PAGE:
Genesis Day 26: Our motivation is tightly linked to our hoped-for reward
After you accomplish something really hard, what do you hope for?
For some it is the satisfaction of a job well done. For others it is a simple pat on the back by your boss. Perhaps it is a bonus or pay raise. Maybe a trophy. The list is long.
I want to ask: what determines what you are hoping for? By my way of thinking, it is the motivation you had in the first place, before you ever started. Why do you want to spend the energy? What outcome are you hoping for?
Why do I ask? Because at times I am around people who are frustrated—frustrated with not receiving what they “felt they were due.” Let’s face it—it is not just other people, there are days it is me.
I have this tendency, to take on a project, do it, and then expect my wife to simply gush all over me for completing it. When it doesn’t happen, after I mope a bit, I will tell her that I am disappointed that she did not appreciate what I did. She is apologetic, but also a bit flabbergasted. She will point out, “David, I never asked you to do that, I thought you were killing yourself on that project because it was important to you.” Well, okay, sure, it is true that I never asked her. And it is probably true that if I had she would have something like she would rather I relax, because I am working too hard. Or…well…but…I mean…shouldn’t she gush all over me, anyway?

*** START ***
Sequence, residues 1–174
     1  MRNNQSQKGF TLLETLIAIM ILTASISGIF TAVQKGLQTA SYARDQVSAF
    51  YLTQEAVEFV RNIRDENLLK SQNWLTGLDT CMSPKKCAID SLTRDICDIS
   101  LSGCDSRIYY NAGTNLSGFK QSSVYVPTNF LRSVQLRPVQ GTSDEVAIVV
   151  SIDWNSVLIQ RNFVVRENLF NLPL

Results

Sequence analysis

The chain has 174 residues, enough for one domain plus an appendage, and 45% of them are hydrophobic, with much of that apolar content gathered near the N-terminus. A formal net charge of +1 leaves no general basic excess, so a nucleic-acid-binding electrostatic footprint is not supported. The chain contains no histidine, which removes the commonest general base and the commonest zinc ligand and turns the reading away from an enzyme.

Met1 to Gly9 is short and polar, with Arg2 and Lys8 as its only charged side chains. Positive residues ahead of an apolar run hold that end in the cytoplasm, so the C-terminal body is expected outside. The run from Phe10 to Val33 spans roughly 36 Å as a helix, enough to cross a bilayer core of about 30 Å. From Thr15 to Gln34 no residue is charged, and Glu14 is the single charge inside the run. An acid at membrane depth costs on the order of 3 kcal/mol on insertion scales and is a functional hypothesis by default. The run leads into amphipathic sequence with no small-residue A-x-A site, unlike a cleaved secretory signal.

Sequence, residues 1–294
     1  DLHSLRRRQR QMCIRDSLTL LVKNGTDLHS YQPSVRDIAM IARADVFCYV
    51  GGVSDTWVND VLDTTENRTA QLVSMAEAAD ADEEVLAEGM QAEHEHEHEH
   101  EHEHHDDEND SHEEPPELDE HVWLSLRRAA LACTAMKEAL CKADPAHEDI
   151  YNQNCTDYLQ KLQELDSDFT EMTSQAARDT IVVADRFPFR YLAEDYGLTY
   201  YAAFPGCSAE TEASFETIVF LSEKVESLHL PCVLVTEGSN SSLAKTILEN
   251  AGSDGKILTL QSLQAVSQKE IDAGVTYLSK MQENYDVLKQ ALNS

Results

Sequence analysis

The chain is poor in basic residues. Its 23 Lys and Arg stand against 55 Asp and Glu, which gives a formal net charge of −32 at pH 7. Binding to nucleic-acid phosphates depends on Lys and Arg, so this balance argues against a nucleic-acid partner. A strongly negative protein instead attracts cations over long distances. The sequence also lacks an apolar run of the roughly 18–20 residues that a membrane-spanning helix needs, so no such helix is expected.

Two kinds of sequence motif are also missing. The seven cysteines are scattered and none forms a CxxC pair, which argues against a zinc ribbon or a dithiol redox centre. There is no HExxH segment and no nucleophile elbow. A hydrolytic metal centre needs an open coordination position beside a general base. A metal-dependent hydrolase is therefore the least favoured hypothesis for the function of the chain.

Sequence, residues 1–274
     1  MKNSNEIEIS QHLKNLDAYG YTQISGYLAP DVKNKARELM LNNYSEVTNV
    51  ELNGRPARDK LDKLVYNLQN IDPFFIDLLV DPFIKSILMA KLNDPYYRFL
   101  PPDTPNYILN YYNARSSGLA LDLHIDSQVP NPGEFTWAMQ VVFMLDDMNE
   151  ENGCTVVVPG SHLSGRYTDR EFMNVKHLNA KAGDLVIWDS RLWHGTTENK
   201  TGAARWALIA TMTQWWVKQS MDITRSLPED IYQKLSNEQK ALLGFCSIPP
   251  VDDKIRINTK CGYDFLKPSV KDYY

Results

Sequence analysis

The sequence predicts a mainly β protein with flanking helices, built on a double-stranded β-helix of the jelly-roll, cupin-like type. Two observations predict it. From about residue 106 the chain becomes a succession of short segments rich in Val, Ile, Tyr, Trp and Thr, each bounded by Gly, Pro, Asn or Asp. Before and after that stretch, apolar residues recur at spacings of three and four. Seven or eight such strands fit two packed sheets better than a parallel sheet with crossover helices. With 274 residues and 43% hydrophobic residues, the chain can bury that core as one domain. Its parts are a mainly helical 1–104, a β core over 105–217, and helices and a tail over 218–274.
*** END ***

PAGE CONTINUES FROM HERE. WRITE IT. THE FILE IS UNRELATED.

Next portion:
Short answer is, No, she shouldn’t.
Why do I bring this up? Because in Genesis chapter 14, beyond all the names (which are meant to ground us in the fact that a war really happened), we see Abram not wanting an excessive reward. Why?
Two reasons, I think.
First, he made a vow to God. We don’t actually read the oath in scripture. I am thinking that he prayed to God before he entered this war. Why do I think that? We see in verse 14 what looks like a “post-prayer report”. Perhaps in his prayer he prayed something like, “Lord, deliver these enemies into my hands. Lord, I will not take any plunder so that people will always know that my wealth comes from you.”
The second reason is that Abram went to save Lot. I believe this was his motivation, and therefore this was his reward.
And he was content with it. I imagine the war was hard. I expect people were injured, even killed. Yet, Abram seems to have counted the cost of this.